When beginning he, God, created the heavens and the earth, the earth was shapeless and formless and bleakness covered the face of the deep, while the Spirit of God, she, fluttered over the face of the waters. Then God said, “Let there be light”; and there was light. And God saw that the light was good; so God separated the light from the bleakness. Then God called the light Day, and the bleakness God called Night. And there was evening and there was morning, day one.
(Genesis 1:1-5, Translation from Wilda C. Gafney’s A Women’s Lectionary for the Whole Church)
In the first Genesis creation story, God doesn’t create from nothing. God begins creating from chaos, a “watery deep.” Some scholars speculate that this creation language was influenced by the religious myths of Babylon, which began with a divine battle against Tiamat, a sea goddess/monster. In the ancient worldview, only divine power could tame the sea — that’s one reason why Moses parting the sea and Jesus walking on the water were both such powerful symbols.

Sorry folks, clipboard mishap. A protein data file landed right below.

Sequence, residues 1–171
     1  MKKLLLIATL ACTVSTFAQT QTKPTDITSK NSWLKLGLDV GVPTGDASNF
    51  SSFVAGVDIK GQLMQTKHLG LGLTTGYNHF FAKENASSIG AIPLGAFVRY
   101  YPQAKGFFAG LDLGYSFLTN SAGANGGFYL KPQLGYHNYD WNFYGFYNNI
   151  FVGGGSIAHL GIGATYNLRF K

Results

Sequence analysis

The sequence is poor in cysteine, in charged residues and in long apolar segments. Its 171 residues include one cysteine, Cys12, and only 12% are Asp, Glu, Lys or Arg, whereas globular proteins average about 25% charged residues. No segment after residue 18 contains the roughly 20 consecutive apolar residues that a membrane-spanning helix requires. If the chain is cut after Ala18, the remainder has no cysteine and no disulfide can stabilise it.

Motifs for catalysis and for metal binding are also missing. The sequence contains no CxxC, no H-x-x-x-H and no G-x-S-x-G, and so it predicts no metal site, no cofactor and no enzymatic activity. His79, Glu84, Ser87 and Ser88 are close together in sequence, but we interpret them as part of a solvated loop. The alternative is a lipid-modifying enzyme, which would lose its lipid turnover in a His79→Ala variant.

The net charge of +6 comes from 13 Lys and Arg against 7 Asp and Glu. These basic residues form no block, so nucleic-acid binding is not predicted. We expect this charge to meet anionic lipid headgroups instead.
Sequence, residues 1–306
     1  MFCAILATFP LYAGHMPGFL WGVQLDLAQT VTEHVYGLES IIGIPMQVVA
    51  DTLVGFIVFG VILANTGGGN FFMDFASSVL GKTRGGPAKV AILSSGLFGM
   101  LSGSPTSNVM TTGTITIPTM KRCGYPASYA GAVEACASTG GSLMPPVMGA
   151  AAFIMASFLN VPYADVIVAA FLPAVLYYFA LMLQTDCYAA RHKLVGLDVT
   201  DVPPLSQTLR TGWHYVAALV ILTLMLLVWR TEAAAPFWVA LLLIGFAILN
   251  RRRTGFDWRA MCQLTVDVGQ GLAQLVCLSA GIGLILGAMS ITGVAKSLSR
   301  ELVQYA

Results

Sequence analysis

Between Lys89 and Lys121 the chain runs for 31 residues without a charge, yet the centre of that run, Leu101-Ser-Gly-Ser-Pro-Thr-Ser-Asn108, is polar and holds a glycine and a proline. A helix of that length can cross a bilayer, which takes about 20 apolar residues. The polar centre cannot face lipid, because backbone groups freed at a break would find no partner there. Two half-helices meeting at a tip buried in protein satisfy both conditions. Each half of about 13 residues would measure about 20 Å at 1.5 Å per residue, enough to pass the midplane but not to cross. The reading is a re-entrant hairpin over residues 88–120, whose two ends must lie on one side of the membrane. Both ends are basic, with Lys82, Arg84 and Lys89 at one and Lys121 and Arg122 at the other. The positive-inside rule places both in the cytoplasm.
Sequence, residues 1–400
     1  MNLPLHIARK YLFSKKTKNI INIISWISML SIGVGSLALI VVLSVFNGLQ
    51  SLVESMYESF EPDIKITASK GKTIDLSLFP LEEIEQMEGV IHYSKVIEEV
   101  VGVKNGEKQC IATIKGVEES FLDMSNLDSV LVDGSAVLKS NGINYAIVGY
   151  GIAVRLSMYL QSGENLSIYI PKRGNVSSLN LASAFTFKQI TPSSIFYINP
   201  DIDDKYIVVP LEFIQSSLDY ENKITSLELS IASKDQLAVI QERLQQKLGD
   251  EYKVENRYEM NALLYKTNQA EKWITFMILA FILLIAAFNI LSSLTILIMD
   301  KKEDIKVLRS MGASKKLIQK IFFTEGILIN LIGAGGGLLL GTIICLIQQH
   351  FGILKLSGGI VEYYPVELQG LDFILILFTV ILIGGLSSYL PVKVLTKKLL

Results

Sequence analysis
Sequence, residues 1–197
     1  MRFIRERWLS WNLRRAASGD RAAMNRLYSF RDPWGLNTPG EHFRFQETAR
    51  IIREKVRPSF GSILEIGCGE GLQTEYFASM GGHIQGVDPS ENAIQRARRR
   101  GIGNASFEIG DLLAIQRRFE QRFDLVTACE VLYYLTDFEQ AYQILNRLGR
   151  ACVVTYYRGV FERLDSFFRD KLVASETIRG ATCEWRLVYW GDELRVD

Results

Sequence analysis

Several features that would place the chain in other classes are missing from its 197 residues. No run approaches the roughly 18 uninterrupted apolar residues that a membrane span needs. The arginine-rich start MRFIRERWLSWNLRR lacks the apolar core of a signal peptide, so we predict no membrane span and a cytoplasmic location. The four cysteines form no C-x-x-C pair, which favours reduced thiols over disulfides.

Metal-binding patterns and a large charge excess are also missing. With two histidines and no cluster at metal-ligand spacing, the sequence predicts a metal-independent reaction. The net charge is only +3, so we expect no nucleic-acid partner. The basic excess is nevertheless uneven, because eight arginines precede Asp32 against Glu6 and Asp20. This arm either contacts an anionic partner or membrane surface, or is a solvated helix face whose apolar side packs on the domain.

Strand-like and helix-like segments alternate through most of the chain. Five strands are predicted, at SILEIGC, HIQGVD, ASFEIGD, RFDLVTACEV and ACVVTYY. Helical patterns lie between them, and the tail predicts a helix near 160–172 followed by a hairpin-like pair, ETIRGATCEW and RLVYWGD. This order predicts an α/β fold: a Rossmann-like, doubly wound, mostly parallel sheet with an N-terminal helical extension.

In the Genesis story, chaos is not the absence of God. In fact, God’s Spirit, in Dr. Gafney’s translation, is “fluttering over the face of the waters.” Chaos seems to be necessary for the divine act of creation to begin.
All of the action in Genesis 1 is about separating and naming, setting boundaries and ordering things. Much later, in the book of Job, God describes the act of creation again, and tells a story of how God said to the sea: “Thus far shall you come, and no farther, and here shall your proud waves be stopped” (Job 38:11). Drawing boundaries is an act of creation.
Dr. Gafney’s helpful translation also substitutes “bleakness” for “darkness” in the story, recognizing the way that the word “darkness” has played into white supremacy in our theological language. Even here in the bleakness, I think it’s important to point out that God isn’t absent. God’s spirit is already present and at work, taking the energy of chaos and turning it towards order.
After a year of environmental, political, economic, and social chaos, I’m grateful for the reminder that chaos is not the absence of God, and that creation arises out of chaotic energy. I’m also grateful for the reminder that the act of creation is, in part, about drawing sacred boundaries. We are in a fertile time in which new boundaries are being drawn against patriarchy and white supremacy. God is doing something new.
Creator God, we recognize the divine possibility present in our current chaos. Draw sacred boundaries in our personal and corporate lives and unleash your creative power.
—Rev. Dr. David Barnhart, Jr.